On November 28, 1993, the property owner was inspecting her property after loggers had partially cleared the property of trees. She discovered items that made her think they might have matched those used in the kidnapping. She called the sheriff's department to report her discovery, and deputies and crime scene investigators were dispatched. One of the items found, a torn pair of ballet leggings, was matched by the FBI Crime Laboratory to the other part of the leggings that were taken as evidence on the night of the kidnapping. A review of calls in the area the day of the kidnapping turned up the contact with Davis, who had only been identified because both deputies had filled out and filed the FI card. Once the identity of Davis was revealed, his palm print at the scene of the kidnapping was also traced to him. Authorities had been unable to match the partial print earlier due to the poor quality of the print left.

The Sonoma County Sheriff's Department, in cooperation with Petaluma Police and the FBI, launched a search of the property and the Pythian Road area during a heavy rainstorm. The first two days of the search were kept as low-key as possible, since Davis was under surveillance at an Indian rancheria near Ukiah, California. When nothing was found during the initial search and the surveillance of Davis also produced no results, the decision was made to arrest him for the kidnapping of Klaas.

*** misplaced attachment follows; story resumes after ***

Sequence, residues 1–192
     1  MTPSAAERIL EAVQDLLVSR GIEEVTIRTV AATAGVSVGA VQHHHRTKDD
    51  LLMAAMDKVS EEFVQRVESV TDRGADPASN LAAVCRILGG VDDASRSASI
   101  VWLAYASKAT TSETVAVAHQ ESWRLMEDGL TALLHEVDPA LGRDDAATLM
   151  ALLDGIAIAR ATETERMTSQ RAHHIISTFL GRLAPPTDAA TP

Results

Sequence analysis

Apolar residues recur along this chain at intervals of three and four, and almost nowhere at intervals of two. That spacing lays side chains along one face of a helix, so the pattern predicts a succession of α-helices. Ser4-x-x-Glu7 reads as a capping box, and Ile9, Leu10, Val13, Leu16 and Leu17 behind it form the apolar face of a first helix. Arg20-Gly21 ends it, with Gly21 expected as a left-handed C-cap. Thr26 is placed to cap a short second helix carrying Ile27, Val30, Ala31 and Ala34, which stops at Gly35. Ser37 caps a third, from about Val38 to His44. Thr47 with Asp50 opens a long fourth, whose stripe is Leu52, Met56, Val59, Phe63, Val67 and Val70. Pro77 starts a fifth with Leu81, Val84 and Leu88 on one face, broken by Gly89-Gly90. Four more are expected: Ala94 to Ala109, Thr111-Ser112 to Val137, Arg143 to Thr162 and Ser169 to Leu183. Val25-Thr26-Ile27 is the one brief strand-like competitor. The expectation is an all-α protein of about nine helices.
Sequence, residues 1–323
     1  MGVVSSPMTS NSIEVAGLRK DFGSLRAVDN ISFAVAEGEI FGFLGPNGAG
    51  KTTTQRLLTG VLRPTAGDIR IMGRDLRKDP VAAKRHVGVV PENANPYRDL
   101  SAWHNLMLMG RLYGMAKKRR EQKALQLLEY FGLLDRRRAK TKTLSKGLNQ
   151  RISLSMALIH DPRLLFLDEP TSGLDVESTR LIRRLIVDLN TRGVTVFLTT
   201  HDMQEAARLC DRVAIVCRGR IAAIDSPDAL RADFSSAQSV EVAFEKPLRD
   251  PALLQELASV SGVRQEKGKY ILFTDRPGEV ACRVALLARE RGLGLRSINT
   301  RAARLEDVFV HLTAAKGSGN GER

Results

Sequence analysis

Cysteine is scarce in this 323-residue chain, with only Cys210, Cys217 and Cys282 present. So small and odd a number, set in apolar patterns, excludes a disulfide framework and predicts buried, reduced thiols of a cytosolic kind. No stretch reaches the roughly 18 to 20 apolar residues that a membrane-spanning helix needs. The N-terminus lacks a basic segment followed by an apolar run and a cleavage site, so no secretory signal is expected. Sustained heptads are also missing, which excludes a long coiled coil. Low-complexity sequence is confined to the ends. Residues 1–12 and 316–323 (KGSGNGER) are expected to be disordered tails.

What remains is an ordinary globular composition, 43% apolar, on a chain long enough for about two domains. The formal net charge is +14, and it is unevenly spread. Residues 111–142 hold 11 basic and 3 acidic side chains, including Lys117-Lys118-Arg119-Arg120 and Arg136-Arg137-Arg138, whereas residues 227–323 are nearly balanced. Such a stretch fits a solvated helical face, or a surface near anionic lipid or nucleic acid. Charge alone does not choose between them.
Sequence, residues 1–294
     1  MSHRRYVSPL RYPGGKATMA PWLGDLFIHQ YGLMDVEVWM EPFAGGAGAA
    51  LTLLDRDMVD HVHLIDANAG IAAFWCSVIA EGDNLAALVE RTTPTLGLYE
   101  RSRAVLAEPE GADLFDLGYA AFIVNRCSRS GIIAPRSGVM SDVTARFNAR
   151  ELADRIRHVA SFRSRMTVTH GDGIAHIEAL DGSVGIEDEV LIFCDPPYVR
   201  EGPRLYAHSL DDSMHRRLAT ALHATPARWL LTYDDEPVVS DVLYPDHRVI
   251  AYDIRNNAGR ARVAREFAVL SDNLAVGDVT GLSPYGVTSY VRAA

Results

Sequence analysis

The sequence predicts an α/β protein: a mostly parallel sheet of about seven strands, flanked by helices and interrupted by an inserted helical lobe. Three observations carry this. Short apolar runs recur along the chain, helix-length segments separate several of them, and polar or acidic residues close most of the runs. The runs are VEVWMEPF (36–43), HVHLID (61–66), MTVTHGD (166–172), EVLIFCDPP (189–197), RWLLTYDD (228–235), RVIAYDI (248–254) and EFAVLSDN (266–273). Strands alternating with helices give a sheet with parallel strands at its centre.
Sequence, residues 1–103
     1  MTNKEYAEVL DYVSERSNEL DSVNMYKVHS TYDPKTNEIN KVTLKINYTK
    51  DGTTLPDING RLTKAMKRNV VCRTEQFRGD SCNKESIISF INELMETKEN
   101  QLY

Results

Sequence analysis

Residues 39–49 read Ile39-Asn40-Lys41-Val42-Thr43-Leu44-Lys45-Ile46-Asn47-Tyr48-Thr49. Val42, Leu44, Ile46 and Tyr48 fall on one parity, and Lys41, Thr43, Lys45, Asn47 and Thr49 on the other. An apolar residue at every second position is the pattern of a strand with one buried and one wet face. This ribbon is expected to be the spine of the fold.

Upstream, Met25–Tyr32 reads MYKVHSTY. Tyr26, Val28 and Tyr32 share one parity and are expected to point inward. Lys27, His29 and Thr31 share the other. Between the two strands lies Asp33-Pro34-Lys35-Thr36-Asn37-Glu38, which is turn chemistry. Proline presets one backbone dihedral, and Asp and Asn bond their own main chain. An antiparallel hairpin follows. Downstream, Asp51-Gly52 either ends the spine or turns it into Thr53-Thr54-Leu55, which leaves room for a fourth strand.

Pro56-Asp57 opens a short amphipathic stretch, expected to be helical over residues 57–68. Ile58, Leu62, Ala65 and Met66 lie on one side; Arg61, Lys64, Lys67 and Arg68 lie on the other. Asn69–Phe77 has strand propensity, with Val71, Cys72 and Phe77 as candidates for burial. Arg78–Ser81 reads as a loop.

While Davis was being interrogated by Petaluma PD and the FBI, a massive search was launched on Friday, December 3. The Sonoma County Sheriff's Department was assisted by over 500 search team members from 24 agencies, coming from as far away as Kern County, California, and Washoe County, Nevada. The mutual aid effort was coordinated by the California State Office of Emergency Services (now known as the California Governor's Office of Emergency Services), FBI Crime Scene teams, and numerous other state and federal agencies. The search remains today as one of the largest ever conducted in California. The search continued through Saturday, December 4. The search effort produced other items of evidence, but did not produce any evidence of human remains. The search was planned to continue on Sunday, December 5, but on the evening of December 4, Davis confessed to kidnapping and murdering Klaas and led investigators to her body.[4] He had buried her in a shallow grave just off Highway 101, about a mile south of the city limits of Cloverdale, California. The gravesite is about 20 air miles and about 30 road miles from the search site.